Tips by Dr. Lori

Identifying Oriental Rugs

by Dr. Lori Verderame
Identifying Oriental Rugs

In the late Victorian era, Oriental rugs were all the rage. Collecting rugs from exotic locales like Persia and Indian was popular.  

Persian Rugs

Persian rugs were highlighted in rug production workshops of the royal court. Artisans were inspired by book illustrations. Many rugs were based on the figural medallion motifs found alongside of paintings and drawings of animals, figures, and landscapes. Persians rugs are known by their curvilinear flower forms in a blue and red color palette. 

Herat rugs are the most well-known and feature a central medallion on a wine-red field and a green border.

Anatolian Rugs

Anatolians borrowed motifs from Persian rugs and created bolder designs featuring floral and geometric motifs such as polygons stars in red, blue, and yellow. Anatolian rugs were depicted in the paintings of Hans Holbein the Younger and Renaissance master, Lorenzo Lotto and later named after the masters.

During the Mughal era (1526-1858) Emperors brought Persian artists to court and imported works of art and rugs which influenced the production in India. Indian rugs of this period featured floral and plant motifs including lattice designs, millefleur patterns of tiny clustered flowers, and vines. Some of these rugs were made of Pashmina, Persian for wool, or wool from goat hair and are treasures today.

Identification of Rugs 

Rugs are woven on a loom on with a warp of yarns placed lengthwise on a loom top and a weft of yarns placed widthwise. Several different types of looms were used, but the most popular was the upright loom. The foundation can be made of cotton, wool, or silk. One method of rug making known as the knotted rug involves knotting yarns onto the warp yarns. These knots are kept in place by the weft yarns. Several types of knots are used depending on the maker of the rug and the number of knots can range from 5 to 2,000 knots per square inch. Piles can be made of silk, or wool from sheep, goats, or camels.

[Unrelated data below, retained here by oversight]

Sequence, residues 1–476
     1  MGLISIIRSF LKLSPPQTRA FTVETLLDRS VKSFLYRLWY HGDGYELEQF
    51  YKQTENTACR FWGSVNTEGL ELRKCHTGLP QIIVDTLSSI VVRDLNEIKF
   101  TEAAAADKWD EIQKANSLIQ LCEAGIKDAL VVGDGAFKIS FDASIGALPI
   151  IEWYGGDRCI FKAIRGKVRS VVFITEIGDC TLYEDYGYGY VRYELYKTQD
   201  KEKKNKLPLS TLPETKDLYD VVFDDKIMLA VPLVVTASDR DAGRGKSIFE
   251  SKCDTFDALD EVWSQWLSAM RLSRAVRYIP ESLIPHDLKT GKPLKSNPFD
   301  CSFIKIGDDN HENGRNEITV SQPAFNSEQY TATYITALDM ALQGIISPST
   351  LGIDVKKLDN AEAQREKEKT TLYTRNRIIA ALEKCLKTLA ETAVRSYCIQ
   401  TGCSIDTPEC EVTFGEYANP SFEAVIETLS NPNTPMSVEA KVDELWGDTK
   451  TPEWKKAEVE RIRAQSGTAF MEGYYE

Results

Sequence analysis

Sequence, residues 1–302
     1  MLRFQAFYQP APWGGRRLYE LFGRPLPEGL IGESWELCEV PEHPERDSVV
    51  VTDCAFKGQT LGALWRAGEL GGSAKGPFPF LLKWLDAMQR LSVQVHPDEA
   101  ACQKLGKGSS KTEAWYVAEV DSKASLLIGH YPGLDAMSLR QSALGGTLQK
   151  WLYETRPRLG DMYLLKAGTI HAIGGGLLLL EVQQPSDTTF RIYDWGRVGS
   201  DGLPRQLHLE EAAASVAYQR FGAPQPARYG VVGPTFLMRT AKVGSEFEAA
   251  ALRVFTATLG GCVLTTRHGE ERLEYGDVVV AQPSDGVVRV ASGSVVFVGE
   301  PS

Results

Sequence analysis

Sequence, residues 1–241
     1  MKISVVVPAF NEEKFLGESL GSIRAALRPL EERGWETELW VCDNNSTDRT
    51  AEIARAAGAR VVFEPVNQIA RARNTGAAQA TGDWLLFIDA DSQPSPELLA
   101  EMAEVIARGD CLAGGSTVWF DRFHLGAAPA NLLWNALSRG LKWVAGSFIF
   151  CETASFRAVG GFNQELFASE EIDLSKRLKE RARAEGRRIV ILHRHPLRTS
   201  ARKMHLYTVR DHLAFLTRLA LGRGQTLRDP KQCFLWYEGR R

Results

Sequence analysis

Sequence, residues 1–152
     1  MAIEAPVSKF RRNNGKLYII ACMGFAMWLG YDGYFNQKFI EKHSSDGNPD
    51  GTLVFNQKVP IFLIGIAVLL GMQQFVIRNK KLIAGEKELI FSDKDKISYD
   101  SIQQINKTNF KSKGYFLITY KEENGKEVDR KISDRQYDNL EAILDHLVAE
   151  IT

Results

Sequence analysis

Vegetal and animal dyes were used for antique rugs as well as contemporary rugs. Dyes were made of madder root, indigo, milkweed, and other plants as well as cochineal and lac insects. Aniline and chrome dyes are synthetic dyes that were introduced in the 1860s. If you want to find out if a rug is dyed with anilines take a damp cloth an run it across the surface. If it has color appears it is an indication of synthetic dyes, vegetal dyes do not leave a color residue on their surface. Rugs are usually washed after to remove excess and to set the dye.

Request an online appraisal of your rug or carpet from Dr. Lori.

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